The apartment on Dorchester Avenue is the middle flat in the three-storey terraced house, one of the dozens that line either side of the long avenue.
The doors to the buildings on this side of the road are raised from the street level, accessed via a winding sloped path up the short incline from the pavement.
Facing the apartment, the T-junction with the wider, busier Cleveden Rd is just metres to the left. This road slopes down from the right as it crosses the end of Dorchester Avenue. Up this hill and in a lane to the right there is access to the modest back garden of Pacteau’s apartment, where dozens of police officers carried out a meticulous search yesterday. Separated by trees and a collection of junk, the garden sits low to the right from the lane off Clevendon Rd.
Turning left out of Dorchester Avenue and down the slope, Clevendon Rd crosses a bridge over the North and Clyde Canal.
Here Clevendon Rd ends as it rises from the canal crossing to be split in two by a small roundabout.
Off the first exit on the left is Dalsholm Road, which crosses two bridges over sets of railway tracks. The first of these serves the Kelvindale station where trains bring commuters southbound into Glasgow city centre every 15 minutes.
The road is enclosed by 2.1m-high walls as it bridges the first set of railway tracks and then passes a solitary house on the left that sits in a fork in the road. Bearing right, a bridge carries over the second set of tracks before the final straight of Dalsholm Rd is revealed.
The wide open road straightens up, and is flanked by unkept scrubland on the right and, on a high embankment on the left, a large recycling centre.
One side path to Dawsholm Park is accessible to the left of the recycling plant — the 80-acre park surrounds this area, a circular greenland that has surrendered its bottom-right quadrant to industry.
The strewn litter is noticeable as industrial units hosting a variety of businesses emerge in a cluster on the right as the entrance to the park draws closer.
Just metres from the low, steel barrier that blocks vehicles from entering Dawsholm Park sits a public bin. For the past two days this has been cordoned off within a triangle of police tape — this is where Ms Buckley’s bag was found on Tuesday afternoon.
Beyond here lies Dawsholm Park, the amenity that is a mixture of open meadows and clumps of woodland.
Locals say it is a popular walking spot and a favourite of dog owners but that it is not considered a safe place to go at night.
For a while after the discovery of Ms Buckley’s bag, this area was closed off only by a solitary police officer on duty at the barrier to the park. By Tuesday night however, police tape sealed off access further up Dalsholm Rd, and yesterday it was the scene of constant flurries of activity as dozens of officers would arrive and leave in vans, swapping shifts as the painstaking search of an area four times the size of St Stephen’s Green continued.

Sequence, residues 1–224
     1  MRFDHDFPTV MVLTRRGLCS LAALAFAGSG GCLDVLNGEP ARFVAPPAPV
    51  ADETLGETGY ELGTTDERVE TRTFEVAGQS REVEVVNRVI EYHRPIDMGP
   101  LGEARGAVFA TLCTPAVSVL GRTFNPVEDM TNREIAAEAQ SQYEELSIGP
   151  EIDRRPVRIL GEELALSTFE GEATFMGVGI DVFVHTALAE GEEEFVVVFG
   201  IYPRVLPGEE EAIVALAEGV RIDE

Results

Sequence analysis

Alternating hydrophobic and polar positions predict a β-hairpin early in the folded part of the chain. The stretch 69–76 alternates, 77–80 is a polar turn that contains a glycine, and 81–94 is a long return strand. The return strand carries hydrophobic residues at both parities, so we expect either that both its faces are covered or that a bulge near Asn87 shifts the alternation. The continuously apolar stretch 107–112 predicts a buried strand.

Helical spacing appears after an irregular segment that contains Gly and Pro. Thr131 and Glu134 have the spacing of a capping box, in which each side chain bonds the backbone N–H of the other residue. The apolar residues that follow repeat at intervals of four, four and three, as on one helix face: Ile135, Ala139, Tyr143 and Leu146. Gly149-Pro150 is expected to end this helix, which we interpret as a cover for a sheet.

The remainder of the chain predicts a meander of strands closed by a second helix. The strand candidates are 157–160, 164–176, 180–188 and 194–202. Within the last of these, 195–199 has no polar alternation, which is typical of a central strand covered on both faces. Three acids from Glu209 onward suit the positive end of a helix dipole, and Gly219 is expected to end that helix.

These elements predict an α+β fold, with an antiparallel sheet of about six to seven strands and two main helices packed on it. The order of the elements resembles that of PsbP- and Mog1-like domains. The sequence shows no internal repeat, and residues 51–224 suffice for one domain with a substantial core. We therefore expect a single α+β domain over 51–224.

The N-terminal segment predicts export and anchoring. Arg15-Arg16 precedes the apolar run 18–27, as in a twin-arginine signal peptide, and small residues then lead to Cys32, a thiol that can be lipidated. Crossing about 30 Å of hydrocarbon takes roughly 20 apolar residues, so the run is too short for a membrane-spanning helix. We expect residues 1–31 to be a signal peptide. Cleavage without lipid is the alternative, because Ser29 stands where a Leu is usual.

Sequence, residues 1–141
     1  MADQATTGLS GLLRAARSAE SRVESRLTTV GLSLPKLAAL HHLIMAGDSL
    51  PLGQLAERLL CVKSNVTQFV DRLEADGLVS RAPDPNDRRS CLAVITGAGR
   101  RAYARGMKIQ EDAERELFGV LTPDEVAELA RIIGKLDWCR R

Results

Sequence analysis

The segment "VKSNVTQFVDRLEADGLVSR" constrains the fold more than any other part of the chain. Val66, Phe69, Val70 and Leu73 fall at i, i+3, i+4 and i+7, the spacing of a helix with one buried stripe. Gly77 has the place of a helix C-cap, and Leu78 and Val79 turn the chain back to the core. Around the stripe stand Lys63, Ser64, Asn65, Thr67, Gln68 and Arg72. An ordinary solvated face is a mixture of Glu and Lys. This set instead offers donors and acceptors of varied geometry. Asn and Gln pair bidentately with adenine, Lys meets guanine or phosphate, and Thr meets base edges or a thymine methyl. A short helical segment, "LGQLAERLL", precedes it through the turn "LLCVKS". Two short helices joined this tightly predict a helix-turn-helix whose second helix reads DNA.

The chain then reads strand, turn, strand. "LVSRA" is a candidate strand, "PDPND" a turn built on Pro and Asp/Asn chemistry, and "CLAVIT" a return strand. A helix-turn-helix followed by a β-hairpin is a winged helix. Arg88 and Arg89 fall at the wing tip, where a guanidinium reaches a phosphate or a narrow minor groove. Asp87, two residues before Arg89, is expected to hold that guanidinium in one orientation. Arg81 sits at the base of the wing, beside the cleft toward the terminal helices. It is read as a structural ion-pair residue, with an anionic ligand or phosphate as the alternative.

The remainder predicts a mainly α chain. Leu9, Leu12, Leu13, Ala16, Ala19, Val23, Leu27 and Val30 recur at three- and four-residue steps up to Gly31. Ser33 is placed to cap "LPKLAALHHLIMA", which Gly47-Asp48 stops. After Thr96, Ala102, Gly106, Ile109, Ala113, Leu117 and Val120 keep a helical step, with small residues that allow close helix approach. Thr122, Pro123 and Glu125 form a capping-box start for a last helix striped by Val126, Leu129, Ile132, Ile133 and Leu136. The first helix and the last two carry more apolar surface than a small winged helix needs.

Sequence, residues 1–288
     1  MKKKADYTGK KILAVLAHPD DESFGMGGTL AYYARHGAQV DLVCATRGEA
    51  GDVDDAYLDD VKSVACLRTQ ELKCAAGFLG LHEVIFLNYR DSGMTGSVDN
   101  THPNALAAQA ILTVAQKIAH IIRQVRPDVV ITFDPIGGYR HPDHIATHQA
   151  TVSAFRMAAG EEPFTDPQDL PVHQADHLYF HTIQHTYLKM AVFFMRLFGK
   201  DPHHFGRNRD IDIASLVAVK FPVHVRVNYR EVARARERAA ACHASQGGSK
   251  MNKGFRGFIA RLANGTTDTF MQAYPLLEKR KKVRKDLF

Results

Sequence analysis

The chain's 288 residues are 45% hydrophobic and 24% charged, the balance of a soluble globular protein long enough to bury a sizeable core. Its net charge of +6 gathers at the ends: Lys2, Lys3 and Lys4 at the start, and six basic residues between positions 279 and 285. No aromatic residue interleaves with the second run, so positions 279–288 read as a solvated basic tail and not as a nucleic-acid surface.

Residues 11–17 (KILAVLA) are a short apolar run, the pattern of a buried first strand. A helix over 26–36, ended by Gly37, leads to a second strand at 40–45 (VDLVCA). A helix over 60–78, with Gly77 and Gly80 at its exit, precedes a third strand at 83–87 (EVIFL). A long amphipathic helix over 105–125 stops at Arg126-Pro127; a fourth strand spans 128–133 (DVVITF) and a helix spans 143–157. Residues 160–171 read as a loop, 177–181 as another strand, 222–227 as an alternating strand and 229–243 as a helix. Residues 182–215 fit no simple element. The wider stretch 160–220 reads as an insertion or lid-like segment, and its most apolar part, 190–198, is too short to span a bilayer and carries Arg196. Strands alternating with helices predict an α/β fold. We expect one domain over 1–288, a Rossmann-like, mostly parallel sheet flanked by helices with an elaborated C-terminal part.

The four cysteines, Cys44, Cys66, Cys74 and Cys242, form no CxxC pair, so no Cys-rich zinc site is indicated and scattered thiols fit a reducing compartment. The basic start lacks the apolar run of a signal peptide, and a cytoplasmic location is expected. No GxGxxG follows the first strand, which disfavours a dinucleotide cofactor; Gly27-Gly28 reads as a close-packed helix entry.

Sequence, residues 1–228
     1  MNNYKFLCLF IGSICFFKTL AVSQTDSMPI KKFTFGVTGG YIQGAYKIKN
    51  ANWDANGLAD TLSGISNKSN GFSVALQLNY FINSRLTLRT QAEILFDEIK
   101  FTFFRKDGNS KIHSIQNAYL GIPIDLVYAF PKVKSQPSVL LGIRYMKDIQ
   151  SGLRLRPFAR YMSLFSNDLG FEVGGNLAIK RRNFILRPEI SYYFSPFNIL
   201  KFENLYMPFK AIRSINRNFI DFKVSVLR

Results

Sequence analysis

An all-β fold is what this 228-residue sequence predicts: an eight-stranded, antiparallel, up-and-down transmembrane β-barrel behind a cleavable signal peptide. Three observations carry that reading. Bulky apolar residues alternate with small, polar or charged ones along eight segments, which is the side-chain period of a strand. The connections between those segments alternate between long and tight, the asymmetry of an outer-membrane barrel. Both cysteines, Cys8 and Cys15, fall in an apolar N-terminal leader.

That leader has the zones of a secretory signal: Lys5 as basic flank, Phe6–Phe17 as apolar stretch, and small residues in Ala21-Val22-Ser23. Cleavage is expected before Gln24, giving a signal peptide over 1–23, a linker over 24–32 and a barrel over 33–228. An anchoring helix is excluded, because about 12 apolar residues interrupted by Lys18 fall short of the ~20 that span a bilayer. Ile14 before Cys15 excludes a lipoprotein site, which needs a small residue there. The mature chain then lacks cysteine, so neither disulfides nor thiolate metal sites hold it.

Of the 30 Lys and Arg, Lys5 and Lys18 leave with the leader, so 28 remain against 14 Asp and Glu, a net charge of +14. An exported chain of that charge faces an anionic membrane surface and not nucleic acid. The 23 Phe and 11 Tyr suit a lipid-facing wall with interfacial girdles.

The cordoned-off area has made room for a mobile command unit, the makeshift nerve centre that co-ordinates the search in North Glasgow.
The investigation has seen massive resources poured into finding Karen Buckley.
Officers have been deployed across land, under water, and in the air in the exhaustive search for the missing student.
Specialist officers have been sent to undertake a detailed search of Dawsholm Park and the surrounding area, aided in the skies by the air support unit, giving a bird’s eye view of the terrain below from the police helicopter.
The marine policing underwater unit are scouring the local canal and river, while the specialist crime division, sniffer dogs, and operational patrols search the parkland and surrounding neighbourhood.
Lines of officers with sticks have carefully swept across the gardens and yards of Dorchester Avenue and nearby locations in a laborious search for evidence.
Door to door, police have asked those living in and around Dorchester Avenue for any scrap of information that could be the key that unlocks the mystery of what happened to Ms Buckley in the early hours of Sunday morning.
North of this city suburb and park lies Drymen, the rural region where a grey car was spotted on Monday morning.
Police have yet to disclose whether they have received more information on this car, or whether its movements have any bearing on the ongoing investigation.
The investigation has seen massive resources poured into finding Karen.
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